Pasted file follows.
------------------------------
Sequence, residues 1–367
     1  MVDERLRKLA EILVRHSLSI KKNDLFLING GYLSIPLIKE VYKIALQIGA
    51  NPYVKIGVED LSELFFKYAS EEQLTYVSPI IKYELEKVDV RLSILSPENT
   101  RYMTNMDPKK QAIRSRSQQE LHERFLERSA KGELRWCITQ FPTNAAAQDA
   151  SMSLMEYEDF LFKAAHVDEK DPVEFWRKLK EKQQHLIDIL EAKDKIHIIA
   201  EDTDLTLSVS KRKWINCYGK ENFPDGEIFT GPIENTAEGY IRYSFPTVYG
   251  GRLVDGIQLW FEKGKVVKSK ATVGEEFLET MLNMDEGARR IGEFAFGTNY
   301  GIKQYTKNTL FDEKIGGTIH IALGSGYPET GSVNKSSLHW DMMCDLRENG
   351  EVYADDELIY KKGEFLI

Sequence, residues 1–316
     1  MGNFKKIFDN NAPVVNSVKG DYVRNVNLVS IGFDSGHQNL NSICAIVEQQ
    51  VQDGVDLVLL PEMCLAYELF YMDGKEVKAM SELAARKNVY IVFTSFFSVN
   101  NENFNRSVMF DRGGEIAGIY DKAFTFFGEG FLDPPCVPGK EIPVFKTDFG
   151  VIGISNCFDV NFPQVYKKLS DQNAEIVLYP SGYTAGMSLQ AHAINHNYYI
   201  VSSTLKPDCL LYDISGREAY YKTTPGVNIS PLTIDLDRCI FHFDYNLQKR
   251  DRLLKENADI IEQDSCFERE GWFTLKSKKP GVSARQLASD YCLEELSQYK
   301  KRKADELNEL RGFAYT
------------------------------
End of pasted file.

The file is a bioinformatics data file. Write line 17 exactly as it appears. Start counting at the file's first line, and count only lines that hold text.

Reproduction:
   301  KRKADELNEL RGFAYT